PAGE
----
Thursday, April 24, 2008

Disappointment at Resentment

I was severely depressed by the ten point gap in Pennsylvania's Democratic primary.

I was confused by the fact that little over half of the polled Hillary voters in Pennsylvania replied that they would vote for Obama if he won the primary. About a quarter said they would vote for McCain (Really?). I found that sad. Are these Democrats saying this? Or just people who flipped over for her? I doubt it very much if more than forty percent of those voting are not Democrats and would rather throw their vote away than vote for Senator Obama. Despite all the mudslinging and dirty, dirty politics (and, gawd, that tone of condescension), I would still vote for Clinton in a heartbeat because I don't think our nation could last another four years of this Republican disaster (possibly the biggest Republican disaster since Goldwater let the Old Guard start to take over).

And I was extremely dismayed by the fact that we are still duped by negative ads. We say we hate them, but, apparently, we vote by them. From the NYT (It's at the 7:30 pm spot):
Voters are telling exit pollsters that they didn’t much like that flurry of negative ads in the last few days. And yet a majority said those ads were very important or somewhat important in their decisions. This is evidence of what political operatives often say — that people say they don’t like it when candidates go negative and yet they do pay attention to it. In other words, it works.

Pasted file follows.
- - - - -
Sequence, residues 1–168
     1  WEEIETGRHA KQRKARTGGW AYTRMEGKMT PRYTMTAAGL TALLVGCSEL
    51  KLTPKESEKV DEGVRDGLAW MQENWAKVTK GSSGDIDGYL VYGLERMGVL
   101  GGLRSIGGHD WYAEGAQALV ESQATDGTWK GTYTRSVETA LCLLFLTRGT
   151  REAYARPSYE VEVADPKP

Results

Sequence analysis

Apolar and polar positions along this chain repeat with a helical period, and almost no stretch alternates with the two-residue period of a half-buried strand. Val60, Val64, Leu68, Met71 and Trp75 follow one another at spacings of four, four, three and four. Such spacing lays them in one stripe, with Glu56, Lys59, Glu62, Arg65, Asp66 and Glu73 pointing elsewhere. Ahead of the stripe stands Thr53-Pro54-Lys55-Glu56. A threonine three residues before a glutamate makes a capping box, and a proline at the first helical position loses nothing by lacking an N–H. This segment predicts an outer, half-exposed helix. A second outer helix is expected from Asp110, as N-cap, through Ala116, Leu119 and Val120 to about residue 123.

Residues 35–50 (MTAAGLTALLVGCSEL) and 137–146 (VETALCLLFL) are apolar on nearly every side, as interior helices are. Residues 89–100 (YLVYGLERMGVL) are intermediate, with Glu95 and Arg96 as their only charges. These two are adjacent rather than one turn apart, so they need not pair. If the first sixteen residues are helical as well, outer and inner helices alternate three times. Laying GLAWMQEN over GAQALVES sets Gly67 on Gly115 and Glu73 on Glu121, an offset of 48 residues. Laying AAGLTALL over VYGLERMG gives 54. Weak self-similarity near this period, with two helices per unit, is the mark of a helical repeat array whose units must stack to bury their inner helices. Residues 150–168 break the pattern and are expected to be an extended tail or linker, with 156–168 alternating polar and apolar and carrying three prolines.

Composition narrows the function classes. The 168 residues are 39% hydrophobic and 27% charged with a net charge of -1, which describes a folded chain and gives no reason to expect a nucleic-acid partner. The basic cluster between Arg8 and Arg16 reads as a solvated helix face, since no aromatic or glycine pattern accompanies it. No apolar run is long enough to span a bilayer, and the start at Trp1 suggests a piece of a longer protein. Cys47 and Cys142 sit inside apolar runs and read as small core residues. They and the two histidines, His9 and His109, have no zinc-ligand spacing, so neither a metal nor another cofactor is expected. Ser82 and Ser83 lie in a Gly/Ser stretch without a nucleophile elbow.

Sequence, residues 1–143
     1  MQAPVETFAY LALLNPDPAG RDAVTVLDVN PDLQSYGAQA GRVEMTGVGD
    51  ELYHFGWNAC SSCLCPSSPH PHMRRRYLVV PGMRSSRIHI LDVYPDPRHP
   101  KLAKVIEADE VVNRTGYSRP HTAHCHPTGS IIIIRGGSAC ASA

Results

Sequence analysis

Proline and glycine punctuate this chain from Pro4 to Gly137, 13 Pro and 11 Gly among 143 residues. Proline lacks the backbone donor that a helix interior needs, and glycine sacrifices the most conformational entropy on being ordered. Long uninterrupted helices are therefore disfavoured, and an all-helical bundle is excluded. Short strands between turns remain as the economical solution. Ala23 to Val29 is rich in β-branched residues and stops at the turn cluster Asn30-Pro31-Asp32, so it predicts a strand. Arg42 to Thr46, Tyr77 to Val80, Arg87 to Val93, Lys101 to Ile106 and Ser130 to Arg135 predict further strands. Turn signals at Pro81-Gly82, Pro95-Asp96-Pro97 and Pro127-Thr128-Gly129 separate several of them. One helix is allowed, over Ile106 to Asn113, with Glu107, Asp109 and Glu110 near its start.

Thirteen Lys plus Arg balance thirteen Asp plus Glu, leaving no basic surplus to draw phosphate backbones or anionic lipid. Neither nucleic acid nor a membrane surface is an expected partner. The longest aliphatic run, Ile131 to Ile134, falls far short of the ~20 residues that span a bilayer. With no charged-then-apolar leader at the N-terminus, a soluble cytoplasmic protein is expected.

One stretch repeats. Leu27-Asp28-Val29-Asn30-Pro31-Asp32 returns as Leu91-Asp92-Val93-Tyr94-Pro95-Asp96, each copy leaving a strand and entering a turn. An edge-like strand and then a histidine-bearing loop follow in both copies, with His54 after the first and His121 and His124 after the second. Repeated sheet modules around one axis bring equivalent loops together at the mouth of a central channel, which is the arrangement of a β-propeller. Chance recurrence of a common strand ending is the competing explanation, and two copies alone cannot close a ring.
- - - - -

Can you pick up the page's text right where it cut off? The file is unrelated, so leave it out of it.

I fear that we may not be ready for positivism, creativity and resolutions any time soon.

But this took the cake for me: "The race factor in PA Primary." An excerpt:

Exit polls from [Tuesday's] primary... asked voters if the race of the candidate was important: 19 percent said yes, while 80 percent said no.

Of those who said yes, 59 percent voted for Mrs. Clinton and 41 percent voted for Senator Barack Obama.

Of those who said no, 53 percent voted for Mrs. Clinton and 47 percent voted for Mr. Obama.

Broken down by race, 13 percent of whites said race was important to them, and 75 percent of those voters sided with Mrs. Clinton. Of the 66 percent of whites who said race was not important to them, 58 percent voted for her.


You mean, around 10 percent of white voters voted against Obama because he's not white? Because he's black?


I mean, Wow.

I know the flip-side of the argument. That black crowds are going out by the droves to vote for Obama. That that has to be racially-motivated. That that proves that racism goes both ways and, in fact, because a larger percentage of blacks are voting for Obama (cf, the Old South) than whites voting for Clinton means that blacks are in fact more racist than whites in this instance.

But African-Americans have been the disproportionately outside people for some odd 300 years in this country. They should have a right to vote for someone they know will represent them as a people group, and not just the establish status quo (i.e., White, Upper- and Upper Middle-Class Males). Females (who have been repressed for, say, before the history of civilization) also have a right to vote for someone who they know will represent them.

Why are white males so flippin' unwilling to see that we are already privileged, even when we're poor?

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